Many are already aware of the uniqueness of Italy—its rich history, beautiful architecture, and delicious food make it one of the world’s most sought-after tourist destinations. But perhaps even more intriguing is the Italian language itself. Passed down over many generations, Italian has been uniquely preserved throughout the country of Italy. If you’re thinking about learning Italian, or are trying to expand your business into global territory, it’s good to know a little about the origins and history of the dialect. Read on for 10 fun and interesting facts that reveal just what makes this language and its speakers so impressive.
1: THE ITALIAN ALPHABET HAS ONLY 21 LETTERS
The people of Italy are good at keeping things sweet and simple, and of course, their alphabet is no exception. Yes, it’s true, the Italian alphabet contains only 21 letters, excluding j, k, w, x, and y. Derived from the Latin alphabet, it is regarded as the closest match to this “dead” language of any dialect in use today. These letters are all shared with the English alphabet, but Italian letters employ an accent system and are not pronounced the same way.
2: 1861 WAS THE YEAR ITALIAN BECAME AN OFFICIAL LANGUAGE
In early 1861, national parliament convened and proclaimed the unification of Italy, which was around the same time that a standard version of the Italian language emerged. Apparently, back then, today’s Italian was such a little-known language that it was only spoken by less than 3–5% of the population living in the newly unified country. Although there were many dialects at the time, prominent Italian writer Dante and linguist Petrarch paved the way for the Tuscan dialect to become the national language of Italy.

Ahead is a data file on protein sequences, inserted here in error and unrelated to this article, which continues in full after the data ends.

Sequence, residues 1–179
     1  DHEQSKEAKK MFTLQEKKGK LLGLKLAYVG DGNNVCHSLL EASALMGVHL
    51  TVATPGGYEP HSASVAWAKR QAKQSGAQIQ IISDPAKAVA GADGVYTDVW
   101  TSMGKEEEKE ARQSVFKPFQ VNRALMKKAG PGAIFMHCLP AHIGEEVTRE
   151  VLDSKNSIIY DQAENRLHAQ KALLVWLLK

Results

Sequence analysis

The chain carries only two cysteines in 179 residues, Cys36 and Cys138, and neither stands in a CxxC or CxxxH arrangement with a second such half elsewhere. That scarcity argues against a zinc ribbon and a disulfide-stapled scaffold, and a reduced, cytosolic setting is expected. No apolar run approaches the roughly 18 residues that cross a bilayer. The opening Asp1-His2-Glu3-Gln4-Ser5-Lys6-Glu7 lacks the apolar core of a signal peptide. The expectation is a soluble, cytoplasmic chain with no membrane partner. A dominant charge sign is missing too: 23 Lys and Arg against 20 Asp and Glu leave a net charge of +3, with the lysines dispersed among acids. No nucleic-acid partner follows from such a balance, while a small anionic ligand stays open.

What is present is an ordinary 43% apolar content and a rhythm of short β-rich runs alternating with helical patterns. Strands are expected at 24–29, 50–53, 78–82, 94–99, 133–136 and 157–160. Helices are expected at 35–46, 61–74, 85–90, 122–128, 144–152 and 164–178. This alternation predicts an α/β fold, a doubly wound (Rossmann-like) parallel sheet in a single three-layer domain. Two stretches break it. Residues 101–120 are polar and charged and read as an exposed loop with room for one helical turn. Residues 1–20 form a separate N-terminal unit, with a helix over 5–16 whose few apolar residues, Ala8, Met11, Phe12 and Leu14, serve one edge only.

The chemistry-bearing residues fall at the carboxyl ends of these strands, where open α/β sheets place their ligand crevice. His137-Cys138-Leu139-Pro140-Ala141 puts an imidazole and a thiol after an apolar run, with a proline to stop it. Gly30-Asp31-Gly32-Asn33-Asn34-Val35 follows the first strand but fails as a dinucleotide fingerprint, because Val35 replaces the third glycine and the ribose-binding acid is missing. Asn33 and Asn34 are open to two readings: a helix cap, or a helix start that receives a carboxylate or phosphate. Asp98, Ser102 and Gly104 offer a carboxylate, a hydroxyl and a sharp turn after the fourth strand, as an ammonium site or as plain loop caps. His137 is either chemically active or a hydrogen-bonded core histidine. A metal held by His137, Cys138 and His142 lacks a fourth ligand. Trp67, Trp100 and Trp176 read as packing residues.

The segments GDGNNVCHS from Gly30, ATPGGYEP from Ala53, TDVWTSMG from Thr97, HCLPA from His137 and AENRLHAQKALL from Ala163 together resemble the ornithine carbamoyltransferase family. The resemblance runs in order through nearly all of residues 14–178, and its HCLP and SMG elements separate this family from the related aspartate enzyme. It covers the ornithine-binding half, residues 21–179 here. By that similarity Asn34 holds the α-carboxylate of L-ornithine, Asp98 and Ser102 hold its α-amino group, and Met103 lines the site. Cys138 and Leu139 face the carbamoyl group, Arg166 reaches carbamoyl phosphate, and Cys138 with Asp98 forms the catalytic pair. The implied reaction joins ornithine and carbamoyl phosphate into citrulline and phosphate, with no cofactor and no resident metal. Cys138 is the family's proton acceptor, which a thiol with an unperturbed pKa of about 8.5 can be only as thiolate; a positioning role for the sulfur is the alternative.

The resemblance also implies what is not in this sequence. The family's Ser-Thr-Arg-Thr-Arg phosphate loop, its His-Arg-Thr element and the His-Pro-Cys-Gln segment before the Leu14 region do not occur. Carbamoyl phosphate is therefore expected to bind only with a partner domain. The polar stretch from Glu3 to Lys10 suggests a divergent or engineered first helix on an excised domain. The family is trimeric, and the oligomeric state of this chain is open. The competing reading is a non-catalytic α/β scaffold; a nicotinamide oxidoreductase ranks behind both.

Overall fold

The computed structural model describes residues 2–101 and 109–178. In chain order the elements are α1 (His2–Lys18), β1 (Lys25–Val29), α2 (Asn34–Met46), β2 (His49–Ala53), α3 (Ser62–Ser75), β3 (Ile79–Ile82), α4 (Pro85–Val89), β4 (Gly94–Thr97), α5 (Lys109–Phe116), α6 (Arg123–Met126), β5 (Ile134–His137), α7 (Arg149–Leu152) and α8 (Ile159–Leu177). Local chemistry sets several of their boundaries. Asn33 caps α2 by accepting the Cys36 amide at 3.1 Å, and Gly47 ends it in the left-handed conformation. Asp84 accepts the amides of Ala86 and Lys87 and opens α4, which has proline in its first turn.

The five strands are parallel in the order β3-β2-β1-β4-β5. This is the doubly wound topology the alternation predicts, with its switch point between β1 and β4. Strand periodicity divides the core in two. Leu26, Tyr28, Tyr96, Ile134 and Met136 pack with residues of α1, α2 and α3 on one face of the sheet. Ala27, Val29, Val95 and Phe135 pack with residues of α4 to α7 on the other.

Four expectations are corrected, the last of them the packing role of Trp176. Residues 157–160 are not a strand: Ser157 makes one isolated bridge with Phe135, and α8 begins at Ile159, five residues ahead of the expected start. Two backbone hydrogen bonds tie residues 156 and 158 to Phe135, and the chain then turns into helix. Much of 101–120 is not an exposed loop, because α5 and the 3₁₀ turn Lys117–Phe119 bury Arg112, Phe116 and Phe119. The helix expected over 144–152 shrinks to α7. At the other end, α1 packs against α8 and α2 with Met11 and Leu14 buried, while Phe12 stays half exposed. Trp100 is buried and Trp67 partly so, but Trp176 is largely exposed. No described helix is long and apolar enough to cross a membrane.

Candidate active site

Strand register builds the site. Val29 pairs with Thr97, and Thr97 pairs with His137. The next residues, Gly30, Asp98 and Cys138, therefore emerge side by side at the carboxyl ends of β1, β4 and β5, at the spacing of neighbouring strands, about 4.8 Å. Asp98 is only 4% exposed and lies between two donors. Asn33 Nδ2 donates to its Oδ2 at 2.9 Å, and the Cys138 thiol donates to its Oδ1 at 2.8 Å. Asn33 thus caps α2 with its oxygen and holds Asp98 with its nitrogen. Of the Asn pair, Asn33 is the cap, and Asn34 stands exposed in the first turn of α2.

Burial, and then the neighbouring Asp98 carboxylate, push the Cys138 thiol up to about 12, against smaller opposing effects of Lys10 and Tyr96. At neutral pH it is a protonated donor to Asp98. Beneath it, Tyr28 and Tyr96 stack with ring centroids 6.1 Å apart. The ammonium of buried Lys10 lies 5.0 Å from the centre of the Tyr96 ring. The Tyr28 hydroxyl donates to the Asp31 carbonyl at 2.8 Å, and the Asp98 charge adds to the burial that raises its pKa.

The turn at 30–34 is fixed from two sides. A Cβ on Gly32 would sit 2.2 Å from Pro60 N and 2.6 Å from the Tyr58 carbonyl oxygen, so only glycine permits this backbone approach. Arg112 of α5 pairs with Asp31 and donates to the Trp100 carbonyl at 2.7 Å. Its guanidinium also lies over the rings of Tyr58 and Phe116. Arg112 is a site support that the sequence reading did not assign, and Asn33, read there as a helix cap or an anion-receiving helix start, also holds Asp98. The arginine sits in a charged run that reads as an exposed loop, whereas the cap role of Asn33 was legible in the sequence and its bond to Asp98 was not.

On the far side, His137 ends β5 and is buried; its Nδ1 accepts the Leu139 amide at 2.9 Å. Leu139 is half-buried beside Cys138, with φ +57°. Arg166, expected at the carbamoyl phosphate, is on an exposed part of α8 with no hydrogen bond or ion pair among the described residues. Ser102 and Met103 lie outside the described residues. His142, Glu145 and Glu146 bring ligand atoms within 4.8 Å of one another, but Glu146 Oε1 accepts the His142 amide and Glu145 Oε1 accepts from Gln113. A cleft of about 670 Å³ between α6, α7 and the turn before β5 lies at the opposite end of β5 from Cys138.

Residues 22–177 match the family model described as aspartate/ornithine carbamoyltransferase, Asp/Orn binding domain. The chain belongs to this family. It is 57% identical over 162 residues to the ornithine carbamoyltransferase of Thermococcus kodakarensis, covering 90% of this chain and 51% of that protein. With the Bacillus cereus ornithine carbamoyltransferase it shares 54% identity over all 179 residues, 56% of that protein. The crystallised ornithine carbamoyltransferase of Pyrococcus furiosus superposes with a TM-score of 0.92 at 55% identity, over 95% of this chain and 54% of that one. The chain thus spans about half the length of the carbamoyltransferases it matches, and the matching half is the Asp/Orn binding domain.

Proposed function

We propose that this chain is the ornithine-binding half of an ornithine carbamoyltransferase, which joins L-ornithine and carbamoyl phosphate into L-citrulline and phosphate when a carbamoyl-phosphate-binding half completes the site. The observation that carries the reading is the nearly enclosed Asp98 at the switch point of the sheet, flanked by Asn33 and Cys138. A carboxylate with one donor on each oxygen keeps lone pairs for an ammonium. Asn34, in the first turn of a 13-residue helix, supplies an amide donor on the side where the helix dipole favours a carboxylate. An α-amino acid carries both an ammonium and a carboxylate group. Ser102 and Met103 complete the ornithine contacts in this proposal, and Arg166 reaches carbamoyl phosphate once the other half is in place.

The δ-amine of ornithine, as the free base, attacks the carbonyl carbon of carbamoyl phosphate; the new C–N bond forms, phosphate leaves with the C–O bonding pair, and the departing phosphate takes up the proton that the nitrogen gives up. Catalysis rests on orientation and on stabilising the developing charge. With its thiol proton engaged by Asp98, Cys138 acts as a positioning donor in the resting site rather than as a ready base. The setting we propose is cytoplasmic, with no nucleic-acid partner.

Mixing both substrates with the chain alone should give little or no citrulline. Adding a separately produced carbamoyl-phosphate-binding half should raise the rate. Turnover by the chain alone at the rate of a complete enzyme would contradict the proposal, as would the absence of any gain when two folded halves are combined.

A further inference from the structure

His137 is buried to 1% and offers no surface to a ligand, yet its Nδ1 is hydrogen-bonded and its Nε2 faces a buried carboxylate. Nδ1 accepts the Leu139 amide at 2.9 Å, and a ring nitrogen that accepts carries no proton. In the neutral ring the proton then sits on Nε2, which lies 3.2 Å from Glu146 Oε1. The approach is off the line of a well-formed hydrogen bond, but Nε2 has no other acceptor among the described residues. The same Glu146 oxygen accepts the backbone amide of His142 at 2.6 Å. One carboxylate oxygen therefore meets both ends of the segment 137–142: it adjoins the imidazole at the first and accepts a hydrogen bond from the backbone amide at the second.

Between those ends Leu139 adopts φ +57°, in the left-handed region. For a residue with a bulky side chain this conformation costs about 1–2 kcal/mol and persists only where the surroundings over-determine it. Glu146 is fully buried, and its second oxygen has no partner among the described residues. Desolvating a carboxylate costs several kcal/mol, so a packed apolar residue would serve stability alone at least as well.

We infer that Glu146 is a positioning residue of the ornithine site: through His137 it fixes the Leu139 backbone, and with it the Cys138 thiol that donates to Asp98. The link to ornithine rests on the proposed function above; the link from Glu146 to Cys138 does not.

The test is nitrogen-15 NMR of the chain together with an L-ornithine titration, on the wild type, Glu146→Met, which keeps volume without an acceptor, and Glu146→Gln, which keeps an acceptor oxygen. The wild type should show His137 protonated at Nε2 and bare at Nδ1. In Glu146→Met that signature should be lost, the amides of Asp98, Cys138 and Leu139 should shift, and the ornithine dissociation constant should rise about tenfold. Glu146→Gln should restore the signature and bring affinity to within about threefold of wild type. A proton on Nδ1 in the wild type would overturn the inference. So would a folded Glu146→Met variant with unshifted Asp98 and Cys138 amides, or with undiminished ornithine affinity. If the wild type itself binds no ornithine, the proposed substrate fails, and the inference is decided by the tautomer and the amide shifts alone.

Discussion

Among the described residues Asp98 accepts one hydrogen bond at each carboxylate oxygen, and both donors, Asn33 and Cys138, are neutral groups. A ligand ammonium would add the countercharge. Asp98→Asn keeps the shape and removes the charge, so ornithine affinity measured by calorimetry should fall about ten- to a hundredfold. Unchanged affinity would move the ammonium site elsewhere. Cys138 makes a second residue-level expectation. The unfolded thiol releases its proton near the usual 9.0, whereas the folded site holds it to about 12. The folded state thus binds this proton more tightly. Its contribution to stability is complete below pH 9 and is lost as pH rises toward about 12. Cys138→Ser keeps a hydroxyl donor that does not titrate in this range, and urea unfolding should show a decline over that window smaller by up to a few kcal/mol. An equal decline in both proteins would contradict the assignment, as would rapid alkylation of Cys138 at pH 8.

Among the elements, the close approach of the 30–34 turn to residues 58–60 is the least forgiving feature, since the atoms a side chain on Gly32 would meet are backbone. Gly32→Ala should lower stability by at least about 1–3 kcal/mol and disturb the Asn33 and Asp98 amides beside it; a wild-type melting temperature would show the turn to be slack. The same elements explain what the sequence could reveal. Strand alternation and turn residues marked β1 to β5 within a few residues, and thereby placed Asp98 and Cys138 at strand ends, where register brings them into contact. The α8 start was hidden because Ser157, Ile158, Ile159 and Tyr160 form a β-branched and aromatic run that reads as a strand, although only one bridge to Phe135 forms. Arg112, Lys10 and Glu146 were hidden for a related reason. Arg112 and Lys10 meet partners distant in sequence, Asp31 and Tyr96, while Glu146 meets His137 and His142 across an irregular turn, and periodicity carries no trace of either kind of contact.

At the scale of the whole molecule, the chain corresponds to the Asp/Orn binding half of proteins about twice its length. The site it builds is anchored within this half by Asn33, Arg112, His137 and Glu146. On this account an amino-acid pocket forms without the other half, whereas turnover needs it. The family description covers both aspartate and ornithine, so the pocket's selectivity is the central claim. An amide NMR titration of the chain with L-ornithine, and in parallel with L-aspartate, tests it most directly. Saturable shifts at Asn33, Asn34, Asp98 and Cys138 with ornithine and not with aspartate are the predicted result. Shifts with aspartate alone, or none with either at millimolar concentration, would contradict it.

3: ITALIAN IS SPOKEN BY OVER 85 MILLION PEOPLE WORLDWIDE
When it comes to sheer number of speakers, Italian can’t compete with languages like English and Mandarin. And yet, it’s still one of the most popular and influential languages in the world. Italian is the first language of some 65 million speakers residing in the EU, and the second language of an additional 15 million people. As well as being the national language of Italy, Italian is one of the official languages of Switzerland, San Marino, the Vatican City, and Istria, and is spoken by over 85 million people globally.